• Vesicovaginal or ureterovaginal fistulas after pelvic surgery

  • Male urinary incontinence artificial urinary sphincter, male sling, bulking agents

  • Peyronies disease plaque incision and grafting, penile placation.

Female – Urology Urinary incontinence and pelvic floor weakness or prolapse (“dropped bladder”) are common in women who are middle aged and older. Our Centre provides a complete range of diagnostic procedures and treatments ranging from behaviour modification with strengthening of the pelvic floor muscles to minimally invasive Tape procedures to complex reconstructive surgery Laparoscopic Urology Laparoscopic (keyhole) surgery is the art of performing surgical operations through several small incisions rather than using a traditional large single incision. Telescopic cameras are then passed through ports or small tubes in the abdominal wall to facilitate improved visualization and to allow precise surgery. Laparoscopy (keyhole surgery) can be used to perform several different urological operations. These include:

  • Radical prostatectomy: Surgery to completely remove the prostate and seminal vesicles because of prostate cancer

  • Nephrectomy: removal of the kidney. This can be required, most commonly, as a result of loss of function or as a result of an abnormal growth

  • Pyeloplasty: This allows improved drainage of urine from a kidney that has a blockage

What are the advantages of Laparoscopy?

  • Surgeons have known for at least a decade that patients use fewer painkillers after laparoscopic surgery, go home earlier and return to normal activities and work sooner than after traditional surgery

  • A better cosmetic result

  • Gentler, more accurate and magnified surgery with less bleeding

Retrograde Intra Renal Surgery Retrograde Intrarenal Surgery (RIRS) allows the surgeon to do surgery inside the kidney without making an incision. The instrument for RIRS enters through the body’s natural opening, through the bladder and the ureter, into the kidney. RIRS is used for patients with stones in the kidney, narrowing of the outlet of the kidney or within the kidney (strictures) and tumors in the kidney. The RIRS is an outpatient procedure using local, intravenous or general anesthesia. The Minimally Invasive Urology Institute specializes in using RIRS for difficult-to-treat cases, such as:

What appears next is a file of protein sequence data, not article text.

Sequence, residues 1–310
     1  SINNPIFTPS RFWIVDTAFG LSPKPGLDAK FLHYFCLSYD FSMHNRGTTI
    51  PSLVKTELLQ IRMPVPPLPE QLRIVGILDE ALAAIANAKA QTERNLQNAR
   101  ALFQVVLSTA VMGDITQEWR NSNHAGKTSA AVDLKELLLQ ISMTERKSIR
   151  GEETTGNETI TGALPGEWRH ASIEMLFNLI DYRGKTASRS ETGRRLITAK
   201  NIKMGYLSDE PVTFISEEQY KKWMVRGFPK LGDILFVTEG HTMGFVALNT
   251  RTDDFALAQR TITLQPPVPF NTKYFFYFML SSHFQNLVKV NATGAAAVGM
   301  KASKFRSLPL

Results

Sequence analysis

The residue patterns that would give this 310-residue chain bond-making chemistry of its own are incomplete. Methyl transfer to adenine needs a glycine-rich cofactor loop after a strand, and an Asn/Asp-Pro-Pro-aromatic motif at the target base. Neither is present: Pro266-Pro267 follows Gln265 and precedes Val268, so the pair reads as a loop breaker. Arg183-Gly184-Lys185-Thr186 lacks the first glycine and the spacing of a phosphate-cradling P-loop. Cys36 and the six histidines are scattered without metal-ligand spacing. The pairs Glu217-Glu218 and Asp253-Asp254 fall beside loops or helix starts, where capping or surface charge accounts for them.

• Failed previous treatment attempts

  • Stones too large for ESWL (lithotripsy)

  • Strictures

  • Tumors

  • Stones in children

  • Patients with bleeding disorders

  • Patients with gross obesity

This procedure is done with flexible ureteroscopy and Laser. Neuro – Urology Neuro-urology focuses on disorders or conditions of the bladder, urinary tract, kidneys and genitalia related to neurological disorders and spinal injuries. For example, patients with neurological conditions such as Stroke, Parkinsons disease, multiple sclerosis or spinal cord injury may experience problems such as overactive bladder or sexual dysfunction. Neuro-urology involves diagnosing the type of bladder problem and treating it through medication, behavioural changes or surgery.